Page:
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New Release Review - 300: Rise of an Empire

Sequel to Zack Snyder's 2006 hit.

Directed by: Noam Murro
Starring: Lena Headey, Sullivan Stapleton, Rodrigo Santoro, Eva Green, Jack O'Connell


The story, what there is, of 300: Rise of an Empire runs mostly parallel to the events of its 2006 predecessor, making Noam Murro's film what some have called a "sidequel". Prior to those events, however, we see a condensed origin story of the first movie's antagonist, Xerxes (Santoro), who mostly just lurks in the background here, like a Gold lamé painted backing dancer in some camp Vega revue. This time out, the film's villain is Artemisia (Green), a Greek woman who has been raised by Persians after one of their tribe rescued her from a life of sexual abuse, and who now leads the Persian fleet in their invasion of Greece. Out to stop them is a rag tag band of Athenians, led by their general, the oddly Aussie accented Themistocles (Stapleton).
Reviewing films denies me the luxury of walking out of a movie that I find particularly loathsome. It's a freedom I sometimes pine for, but I don't believe you can honestly write a review of a film if you haven't stuck it out to the end, as painful (often physically so in the case of 3D, if, like me, you find it tough on your eyes) as that can sometimes be. A case in point is the upcoming Aussie thriller, Mystery Road. After an intriguing first act, I felt the film lost its way and I was beginning to find it quite dull. Had I walked out at that point I would have missed one of the most impressive set pieces I've seen in the last few years, a climax that completely redeemed the film and transformed the embryonic review in my head from a "don't bother" to a "seek it out".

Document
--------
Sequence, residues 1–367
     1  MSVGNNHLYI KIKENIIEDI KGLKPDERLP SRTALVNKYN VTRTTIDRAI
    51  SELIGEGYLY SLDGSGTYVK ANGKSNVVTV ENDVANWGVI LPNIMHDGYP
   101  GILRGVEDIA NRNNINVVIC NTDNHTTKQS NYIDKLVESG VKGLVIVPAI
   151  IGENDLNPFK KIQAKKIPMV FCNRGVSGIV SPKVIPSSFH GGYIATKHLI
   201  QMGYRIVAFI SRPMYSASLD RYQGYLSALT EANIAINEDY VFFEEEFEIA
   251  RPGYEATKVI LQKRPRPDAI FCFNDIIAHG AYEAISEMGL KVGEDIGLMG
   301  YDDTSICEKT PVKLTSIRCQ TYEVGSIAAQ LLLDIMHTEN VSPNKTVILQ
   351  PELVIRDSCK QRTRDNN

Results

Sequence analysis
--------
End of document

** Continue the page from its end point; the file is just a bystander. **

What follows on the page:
Were I not watching 300: Rise of an Empire for review purposes I would have been making for the exit by the film's midway point. Of course, I stuck around to see if, like Mystery Road, it would somehow pull something out of the bag and redeem itself. It didn't. The movie got progressively worse and sank me into the sort of deep funk that Michael Haneke can only dream of inflicting on his audience.
2006's 300 is one of my least favorite movies of the last ten years, partly due to its ugly aesthetic, but mostly because I found its fascistic, mean-spirited world view so troubling. The film's "heroes", the Spartans, were a particularly reprehensible lot, and it seemed the only reason proffered by the film-makers as to why we should empathize with them was down to the fact that they looked more like "us" than the Persians, a crude exploitation of post-9/11 bigotry.
With the sequel, the Persians are once again the "baddies", but what's even more troubling is the character of their leader, Artemisia, a role played with relish by Green, the film's one ray of light. We're shown through a rather tasteless montage how she was abducted as a young girl and repeatedly subjected to years of sexual abuse, fueling her lust for revenge. Doesn't this sound like she should be the one we empathize with? Positing Artemisia as the film's antagonist turns the movie into a sort of reverse rape revenge flick. Think of I Spit on Your Grave, if the film's structure asked us to wish for the rapists to "finish the job".
A dated aesthetic that fools you into thinking you're watching a promo for an upcoming rugby match, dialogue a 12-year-old wouldn't inflict on his GI Joe's (I kid you not, a supposedly rousing speech culminates with the line "Better to die on our feet than live on our knees") and an overall seediness that will have you rushing for a post-screening shower, make 300: Rise of an Empire one of the most grueling cinema-going experiences you'll have all year.
2/10


Eric Hillis

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